If the U.S. dollar is still a functioning currency after America’s two-decade-long borrowing binge, what’s to stop it from functioning forever? Well, for one thing, America is not alone in the world. Foreign investors have a say in the value of the dollar, and in the next few years they’re going to say some very unfortunate things.
As a major trading nation, the U.S. exports computers, software, movies, and food, among many other things. And it imports just about everything you can imagine. When the U.S. buys more than it sells, it makes up the difference-known as the trade deficit -by shipping dollars overseas. And in recent years it has been buying a lot more than it’s been selling. After averaging a manageable USD $80 billion annually during the 1980s, the trade deficit soared into the USD $300 billion range in the 1990s. And by 2003, this figure had exploded to over USD $500 billion. That’s about 5% of GDP, a level that, when it has occurred in other countries in the past, has preceded a sharp decline in the value of the local currency.
Why is America buying so much more than it’s selling? One reason is that it’s a lot cheaper to make most basic products in places like China, where smart, highly motivated people will work for about a tenth of the prevailing U.S. wage. So U.S. companies, in order to take advantage of this differential, are closing factories here and setting up new ones over there. Powerhouse discount-store chains, Wal-Mart especially, are driving the process by buying from a growing network of Chinese plants, passing some of the savings along to customers, and either driving competitors out of business or forcing them to buy from cheap foreign sources as well. As a result, low-wage foreign factories are now flooding the United States with incredibly cheap stuff, much of which used to be made in the States. And where not so long ago U.S. trade with China was more or less in balance, it now runs a deficit that exceeds USD $100 billion annually.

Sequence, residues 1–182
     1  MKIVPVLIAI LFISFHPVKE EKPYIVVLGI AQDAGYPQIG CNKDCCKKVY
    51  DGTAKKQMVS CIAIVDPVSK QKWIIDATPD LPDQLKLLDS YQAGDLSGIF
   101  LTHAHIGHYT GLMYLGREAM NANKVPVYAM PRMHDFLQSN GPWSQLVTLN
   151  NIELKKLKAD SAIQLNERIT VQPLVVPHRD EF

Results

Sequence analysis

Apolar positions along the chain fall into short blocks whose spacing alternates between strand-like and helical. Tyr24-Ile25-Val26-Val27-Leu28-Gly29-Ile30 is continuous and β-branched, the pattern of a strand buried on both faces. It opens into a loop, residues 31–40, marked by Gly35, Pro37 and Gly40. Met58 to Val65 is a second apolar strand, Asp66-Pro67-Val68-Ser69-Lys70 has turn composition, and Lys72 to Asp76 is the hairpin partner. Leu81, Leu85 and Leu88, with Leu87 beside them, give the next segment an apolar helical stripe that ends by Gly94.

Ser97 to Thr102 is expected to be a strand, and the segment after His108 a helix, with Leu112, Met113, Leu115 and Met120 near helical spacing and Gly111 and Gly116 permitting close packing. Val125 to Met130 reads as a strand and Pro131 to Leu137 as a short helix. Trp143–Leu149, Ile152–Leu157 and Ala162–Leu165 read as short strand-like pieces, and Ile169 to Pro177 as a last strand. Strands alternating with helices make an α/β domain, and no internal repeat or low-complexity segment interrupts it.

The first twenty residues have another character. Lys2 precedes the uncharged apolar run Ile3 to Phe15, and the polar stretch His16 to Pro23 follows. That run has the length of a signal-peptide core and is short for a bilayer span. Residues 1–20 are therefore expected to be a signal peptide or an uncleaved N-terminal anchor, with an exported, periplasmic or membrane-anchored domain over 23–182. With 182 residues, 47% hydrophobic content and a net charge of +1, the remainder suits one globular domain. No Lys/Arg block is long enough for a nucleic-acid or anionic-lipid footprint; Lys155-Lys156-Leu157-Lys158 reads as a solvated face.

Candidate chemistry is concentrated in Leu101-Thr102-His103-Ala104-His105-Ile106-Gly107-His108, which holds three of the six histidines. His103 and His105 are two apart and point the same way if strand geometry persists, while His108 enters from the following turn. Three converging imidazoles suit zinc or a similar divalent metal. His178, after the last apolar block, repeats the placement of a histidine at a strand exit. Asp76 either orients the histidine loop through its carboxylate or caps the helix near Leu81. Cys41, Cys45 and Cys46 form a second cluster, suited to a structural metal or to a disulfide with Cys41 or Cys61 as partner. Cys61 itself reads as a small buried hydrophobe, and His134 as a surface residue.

But the imbalance goes beyond just China. America is running annual deficits with Japan and the European Union of more than USD $100 billion and USD $50 billion, respectively. And of course, oil imports, mostly from the Middle East, seem headed nowhere but up. The inescapable conclusion is that U.S. consumers are addicted to a lifestyle that includes new cars, big houses, and slick electronic toys. And, as you know the U.S. is willing to borrow whatever it takes to avoid cutting back.
Looked at from virtually any angle, the U.S. trade situation is unprecedented. The annual trade deficit is larger than the budgets of Social Security and the military, and twice as big as Medicare. Since 1953, America’s manufacturing base has declined from 30% of GDP (when the U.S. had a trade surplus, by the way) to about 15% today. Since 1985, the cumulative deficit has grown to about USD $4 trillion, or about USD $13,000 for each man, woman, and child in the U.S.
What are America’s trading partners doing with these dollars? Their central banks have been accumulating huge piles of dollars as “reserves” to support their own currencies, while foreign businesses have been buying U.S. real estate, stocks, and bonds. Foreign investors now own about USD $8 trillion of U.S. financial assets, including 13% of all U.S. stocks, 24% of corporate bonds, 43% of Treasury bonds, and 14% of government agency debt. By the end of 2003, about a third of Fannie Mae’s mortgage-backed bonds were being sold outside the United States. In the 1980s, the U.S. was the world’s biggest creditor nation, meaning that we had far more invested in other countries than those countries had invested here. But by 2003, foreign investors owned USD $9.4 trillion of U.S. assets, while U.S. claims on the rest of the world were only USD $7.2 trillion. The United States is now the world’s biggest debtor nation.